The women behind the athletes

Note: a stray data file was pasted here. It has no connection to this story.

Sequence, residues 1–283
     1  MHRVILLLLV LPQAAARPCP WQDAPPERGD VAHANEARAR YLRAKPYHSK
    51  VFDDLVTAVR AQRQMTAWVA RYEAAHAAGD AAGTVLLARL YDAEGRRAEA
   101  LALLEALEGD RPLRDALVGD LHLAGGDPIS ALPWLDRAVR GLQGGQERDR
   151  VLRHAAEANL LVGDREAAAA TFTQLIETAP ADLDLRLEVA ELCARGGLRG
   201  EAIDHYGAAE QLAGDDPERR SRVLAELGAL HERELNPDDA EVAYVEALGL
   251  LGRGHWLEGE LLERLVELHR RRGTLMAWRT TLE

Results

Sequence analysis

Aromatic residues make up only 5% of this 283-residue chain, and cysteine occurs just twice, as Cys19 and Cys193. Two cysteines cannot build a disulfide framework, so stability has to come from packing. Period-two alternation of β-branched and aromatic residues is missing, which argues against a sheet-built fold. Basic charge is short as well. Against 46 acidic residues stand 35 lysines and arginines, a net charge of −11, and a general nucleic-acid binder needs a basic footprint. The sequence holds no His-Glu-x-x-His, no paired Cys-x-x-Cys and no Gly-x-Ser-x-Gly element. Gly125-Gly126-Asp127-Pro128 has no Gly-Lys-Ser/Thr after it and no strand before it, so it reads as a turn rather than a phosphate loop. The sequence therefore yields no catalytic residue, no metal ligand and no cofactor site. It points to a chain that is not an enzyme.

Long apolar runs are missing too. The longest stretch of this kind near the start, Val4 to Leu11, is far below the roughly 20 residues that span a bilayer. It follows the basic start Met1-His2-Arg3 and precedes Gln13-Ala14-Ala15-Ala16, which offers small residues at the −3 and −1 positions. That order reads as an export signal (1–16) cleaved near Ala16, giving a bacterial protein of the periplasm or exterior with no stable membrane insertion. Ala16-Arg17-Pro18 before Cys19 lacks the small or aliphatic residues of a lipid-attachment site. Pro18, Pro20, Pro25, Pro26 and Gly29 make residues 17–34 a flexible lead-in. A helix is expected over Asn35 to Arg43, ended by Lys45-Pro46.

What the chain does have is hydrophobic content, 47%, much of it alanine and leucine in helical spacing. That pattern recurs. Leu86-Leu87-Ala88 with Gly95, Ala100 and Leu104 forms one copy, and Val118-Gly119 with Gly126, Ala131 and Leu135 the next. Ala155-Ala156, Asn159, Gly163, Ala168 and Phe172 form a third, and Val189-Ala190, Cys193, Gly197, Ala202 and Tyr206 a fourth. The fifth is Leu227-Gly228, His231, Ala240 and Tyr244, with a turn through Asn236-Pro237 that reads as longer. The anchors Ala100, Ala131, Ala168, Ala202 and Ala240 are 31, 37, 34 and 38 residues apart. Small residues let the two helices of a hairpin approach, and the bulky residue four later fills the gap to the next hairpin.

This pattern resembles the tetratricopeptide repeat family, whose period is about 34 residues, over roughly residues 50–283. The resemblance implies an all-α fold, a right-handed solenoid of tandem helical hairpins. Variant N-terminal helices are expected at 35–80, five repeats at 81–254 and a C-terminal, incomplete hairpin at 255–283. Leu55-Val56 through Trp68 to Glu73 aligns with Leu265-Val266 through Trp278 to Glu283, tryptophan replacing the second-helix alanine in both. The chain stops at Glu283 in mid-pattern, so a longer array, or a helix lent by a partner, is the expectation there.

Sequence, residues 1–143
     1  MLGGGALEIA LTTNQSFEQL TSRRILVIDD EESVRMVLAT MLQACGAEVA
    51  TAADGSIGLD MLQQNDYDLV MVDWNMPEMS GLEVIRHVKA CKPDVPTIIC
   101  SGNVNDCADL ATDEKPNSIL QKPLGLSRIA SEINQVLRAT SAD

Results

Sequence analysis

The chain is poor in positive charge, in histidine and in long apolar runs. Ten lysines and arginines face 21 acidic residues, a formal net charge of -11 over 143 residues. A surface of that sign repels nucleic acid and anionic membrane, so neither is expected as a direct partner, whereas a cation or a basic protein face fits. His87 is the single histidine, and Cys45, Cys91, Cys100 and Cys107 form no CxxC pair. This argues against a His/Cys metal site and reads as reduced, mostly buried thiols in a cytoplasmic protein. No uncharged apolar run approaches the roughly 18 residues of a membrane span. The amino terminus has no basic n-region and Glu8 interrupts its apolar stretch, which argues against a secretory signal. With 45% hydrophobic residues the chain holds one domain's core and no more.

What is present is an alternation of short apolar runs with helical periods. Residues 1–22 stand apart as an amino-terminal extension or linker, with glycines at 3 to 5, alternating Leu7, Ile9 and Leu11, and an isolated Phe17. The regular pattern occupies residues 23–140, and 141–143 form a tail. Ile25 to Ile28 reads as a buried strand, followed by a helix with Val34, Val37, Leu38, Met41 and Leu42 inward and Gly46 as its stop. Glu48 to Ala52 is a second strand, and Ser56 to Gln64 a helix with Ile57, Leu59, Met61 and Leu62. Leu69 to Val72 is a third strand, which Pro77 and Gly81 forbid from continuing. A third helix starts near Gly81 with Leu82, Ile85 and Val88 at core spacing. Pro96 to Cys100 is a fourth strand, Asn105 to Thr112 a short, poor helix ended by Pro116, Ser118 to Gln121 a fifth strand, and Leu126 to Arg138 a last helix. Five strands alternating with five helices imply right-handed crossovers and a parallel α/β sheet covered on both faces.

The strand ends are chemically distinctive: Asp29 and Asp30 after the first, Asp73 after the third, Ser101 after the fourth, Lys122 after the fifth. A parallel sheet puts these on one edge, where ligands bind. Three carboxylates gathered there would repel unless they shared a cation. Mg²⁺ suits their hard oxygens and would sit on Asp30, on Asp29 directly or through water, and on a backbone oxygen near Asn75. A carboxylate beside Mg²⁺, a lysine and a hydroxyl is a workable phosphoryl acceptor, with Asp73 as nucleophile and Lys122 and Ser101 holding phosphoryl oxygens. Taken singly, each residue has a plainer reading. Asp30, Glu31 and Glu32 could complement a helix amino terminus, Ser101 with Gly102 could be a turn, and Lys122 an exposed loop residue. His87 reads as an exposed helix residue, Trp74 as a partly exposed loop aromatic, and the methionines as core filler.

first_img“Whenever things have got tough, my mother has always been behind me, no matter what,” said Austin Civita, who quarterbacked Canyon High to a Southern Section Div. II championship in December. “She was always there even before the season started at every passing-league game, taking stats. All summer long, she’d tell me the truth, good or bad, and tell me if she thought I needed to work harder.” Civita’s mother, Joey, often went above and beyond the call of duty. On Thursdays before every game, she’d cook massive platters of food to serve dinner for Canyon’s linemen – a subtle reminder not just to eat well and be healthy, but perhaps to give an extra effort to protect her precious son from oncoming tacklers the following night. “Actually, she wouldn’t just cook all the food. She’d also serve the dinner and do all the cleanup, too,” Austin said. “She always has wanted to invite more and more players and make the dinners bigger and bigger. Now she even wants to make a reunion dinner.” Alyssa Ishibashi, a shortstop on Valencia High’s softball team that is ranked No. 1 by the Daily News, has done all she can to follow in the footsteps of her mother, Debbie Brozovich, a former top prep athlete at West High in Torrance. “In high school, my mom was the captain of the volleyball team and the first freshman to make the varsity softball team,” Ishibashi said. “I wouldn’t be where I am without her. She used to practice out in the street with me if I didn’t want to by having me throw into a circle. If I didn’t do it 25 times, she wouldn’t let me back in the house – and now I appreciate it.” Valencia baseball coach Jared Snyder, who’s among the area’s most successful coaches in any sport, knows full well his teams wouldn’t have won as many games over the years without the support of so many great moms. “They have a big influence,” Snyder said. “They’re the nurturing part of the kids, the ones who really look out for the interests of their children. I think kids would be lost without the support of their mothers, especially at this level and especially boys. Let’s face it: We’re all momma’s boys at heart.” So here’s to you, moms. Our greatest fans, our most understanding and compassionate supporters and the universal dispensers of unconditional love. Our legs run to win races. Our arms throw footballs to score touchdowns. Our eyes focus on basketball hoops to score points. Our heads knock soccer balls into a net to score goals. But our hearts beat for you. [email protected] (661) 257-5218160Want local news?Sign up for the Localist and stay informed Something went wrong. Please try again.subscribeCongratulations! You’re all set! AD Quality Auto 360p 720p 1080p Top articles1/5READ MOREBasketball roundup: Sierra Canyon, Birmingham set to face off in tournament quarterfinalsThey’re there to drive us and pick us up from soccer practice every day. And they’re there to buy us a hot fudge sundae after scoring the first goal of our lives. They give us a soft place to fall when we don’t make the final cut when rosters are posted, and they’re there to encourage us not to give up when we don’t make the cheerleading squad. They’re there to host parties for our whole team to celebrate the end of the season – whether we’ve won every game or, as usually is the case, not been so fortunate. They’re our mothers, the lifeblood of youth sports, and today we salute them on Mother’s Day. Such overdue recognition seems more than fair considering so many of our sacrificing mothers make every other day of the year feel like our day. They’re there for us from the first instant of life. They feed us, warm us with their embrace and provide total security with a simple hug when we need it the most – and not just as infants or toddlers or children or teenagers or college students or adults or even in our golden years. They’re there for us at our first Little League tryout. They’re there to console us and wipe away our tears after our first strikeout – with the bases loaded and the tying run on third. They’re also the first one to jump up and down to cheer our first home run. last_img read more